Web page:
More ego references:

“Your friends are close, but your enemy is closer.” (ego is within, hiding behind its own thoughts/illusory creations)
“The only enemy to have ever existed is an eternal one.” (ego of the mind)   -Road to Suicide


Jake’s Transcendence:                                                                                            

The context of Jake’s final transcendence is asking for forgiveness from his perceived enemy, ‘Macha’. This is significant because it shows a complete disinvestment in the ego’s beliefs and opinions thus officially separating oneself from it and being free of its control. Furthermore, Jake is accepting inferiority to the enemy and loving him instead of resisting him. Therefore it is a letting go of all pride. Radical humility taken to the absolute is transcendence/enlightenment.
“Wherever you don’t want to go is where you will find him. What is it that you’re afraid of Mr. Green?” (fear is the ego, therefore transcendence can only come from confronting and overcoming all fear.)

“Use your perceived enemy to destroy the real enemy.” (The ego is the only real enemy to have ever existed, all else is only a projection of it)

Jake battles his ego while trying to forgive his enemy and subject himself to being possibly seen as inferior. He asks for forgiveness for his stupidity, in other words openly admitting humiliation to his perceived enemy. This is a major transcendence of ego by releasing the idea of an enemy in the first place. Jake’s ego throughout the plea for forgiveness is begging Jake to kill his enemy (Macha) and take control and establish pride, vengeance, and dominance. Also, the ego uses all past information as its supporting reasoning. Jake’s ego in this situation is using everything Macha’s ever done to wrong him as justification to seek revenge.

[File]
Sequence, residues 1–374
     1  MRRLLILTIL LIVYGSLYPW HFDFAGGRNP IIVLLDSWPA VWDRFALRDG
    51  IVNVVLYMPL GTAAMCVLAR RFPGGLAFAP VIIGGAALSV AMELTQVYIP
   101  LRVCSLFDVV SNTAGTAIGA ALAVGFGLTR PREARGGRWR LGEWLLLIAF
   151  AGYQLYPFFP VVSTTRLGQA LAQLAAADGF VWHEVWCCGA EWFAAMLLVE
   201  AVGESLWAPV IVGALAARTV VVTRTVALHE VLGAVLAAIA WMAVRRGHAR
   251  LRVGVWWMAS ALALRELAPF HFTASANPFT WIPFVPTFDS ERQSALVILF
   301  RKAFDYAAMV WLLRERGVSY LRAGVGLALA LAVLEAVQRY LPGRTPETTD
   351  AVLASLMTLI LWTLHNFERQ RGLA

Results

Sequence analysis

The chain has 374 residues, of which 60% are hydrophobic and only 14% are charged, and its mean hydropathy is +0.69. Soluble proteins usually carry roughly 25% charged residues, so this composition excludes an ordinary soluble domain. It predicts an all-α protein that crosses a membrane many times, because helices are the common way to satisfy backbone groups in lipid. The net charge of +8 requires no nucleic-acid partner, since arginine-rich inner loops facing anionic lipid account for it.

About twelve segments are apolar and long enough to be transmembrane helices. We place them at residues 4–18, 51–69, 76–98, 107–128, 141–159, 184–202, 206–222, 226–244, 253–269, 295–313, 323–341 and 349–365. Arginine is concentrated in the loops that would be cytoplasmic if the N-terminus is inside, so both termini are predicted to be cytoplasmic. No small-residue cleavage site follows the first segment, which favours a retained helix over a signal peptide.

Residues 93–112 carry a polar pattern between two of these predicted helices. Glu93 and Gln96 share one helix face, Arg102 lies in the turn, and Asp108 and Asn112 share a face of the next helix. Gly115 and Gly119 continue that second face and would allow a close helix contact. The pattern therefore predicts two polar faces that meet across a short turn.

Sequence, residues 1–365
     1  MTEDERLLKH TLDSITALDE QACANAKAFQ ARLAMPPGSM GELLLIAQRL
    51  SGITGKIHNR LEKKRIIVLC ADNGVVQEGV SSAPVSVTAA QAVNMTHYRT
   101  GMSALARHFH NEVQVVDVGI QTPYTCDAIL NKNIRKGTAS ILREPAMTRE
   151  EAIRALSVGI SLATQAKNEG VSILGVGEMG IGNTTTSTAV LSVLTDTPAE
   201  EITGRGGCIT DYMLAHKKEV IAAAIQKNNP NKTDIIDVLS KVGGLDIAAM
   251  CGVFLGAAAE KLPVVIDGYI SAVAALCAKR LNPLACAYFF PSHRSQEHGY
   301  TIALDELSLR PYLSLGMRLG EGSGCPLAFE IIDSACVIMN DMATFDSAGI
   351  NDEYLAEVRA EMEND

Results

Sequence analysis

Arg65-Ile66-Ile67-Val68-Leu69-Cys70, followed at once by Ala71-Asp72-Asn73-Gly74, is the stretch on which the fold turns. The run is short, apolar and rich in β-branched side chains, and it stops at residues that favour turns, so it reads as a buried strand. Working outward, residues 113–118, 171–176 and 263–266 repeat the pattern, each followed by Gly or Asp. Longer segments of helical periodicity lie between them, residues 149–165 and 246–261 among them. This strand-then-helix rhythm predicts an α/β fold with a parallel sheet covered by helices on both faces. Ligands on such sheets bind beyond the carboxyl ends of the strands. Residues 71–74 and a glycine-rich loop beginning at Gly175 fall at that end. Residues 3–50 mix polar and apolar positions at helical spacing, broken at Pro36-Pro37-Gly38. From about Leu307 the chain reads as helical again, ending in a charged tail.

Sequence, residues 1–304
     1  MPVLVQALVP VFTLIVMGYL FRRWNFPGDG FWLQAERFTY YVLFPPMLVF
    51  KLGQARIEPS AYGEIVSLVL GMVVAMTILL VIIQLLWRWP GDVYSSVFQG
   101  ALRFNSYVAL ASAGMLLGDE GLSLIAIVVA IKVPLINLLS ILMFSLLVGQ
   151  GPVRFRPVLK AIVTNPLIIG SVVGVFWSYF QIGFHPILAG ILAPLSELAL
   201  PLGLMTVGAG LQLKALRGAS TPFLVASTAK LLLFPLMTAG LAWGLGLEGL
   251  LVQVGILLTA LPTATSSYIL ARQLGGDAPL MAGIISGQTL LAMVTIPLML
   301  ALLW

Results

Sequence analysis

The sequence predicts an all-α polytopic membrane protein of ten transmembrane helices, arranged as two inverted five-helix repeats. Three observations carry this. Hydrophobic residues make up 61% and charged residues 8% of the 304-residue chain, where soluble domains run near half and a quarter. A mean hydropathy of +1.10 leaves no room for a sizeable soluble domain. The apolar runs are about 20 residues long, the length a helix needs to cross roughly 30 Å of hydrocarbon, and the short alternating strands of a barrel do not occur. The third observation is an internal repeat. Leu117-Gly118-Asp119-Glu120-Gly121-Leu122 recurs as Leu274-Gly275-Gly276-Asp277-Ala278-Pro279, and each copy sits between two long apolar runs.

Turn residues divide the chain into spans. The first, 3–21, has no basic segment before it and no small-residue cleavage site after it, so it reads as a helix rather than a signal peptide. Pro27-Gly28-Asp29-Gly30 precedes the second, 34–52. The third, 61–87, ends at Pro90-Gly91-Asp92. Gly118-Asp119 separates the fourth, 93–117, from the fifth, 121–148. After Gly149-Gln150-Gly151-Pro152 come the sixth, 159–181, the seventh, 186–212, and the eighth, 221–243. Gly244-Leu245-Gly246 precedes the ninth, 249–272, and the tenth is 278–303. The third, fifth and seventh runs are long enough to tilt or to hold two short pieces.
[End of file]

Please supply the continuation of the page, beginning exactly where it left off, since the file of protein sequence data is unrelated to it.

This is also characteristic of ego thinking, living in the past and never staying in the present moment thus holding grudges. Furthermore, the ego uses the argument that “he’d do it to you.” This of course is erroneous to assume the enemies/or any others’ position and in fact is the very process of creating an ‘enemy’ since there is no specification as to what the other will do and even if there was it doesn’t mean that the Self can’t choose whatever it feels appropriate for its own development and evolution. Every time one chooses love and forgiveness one is overcoming ego tendencies.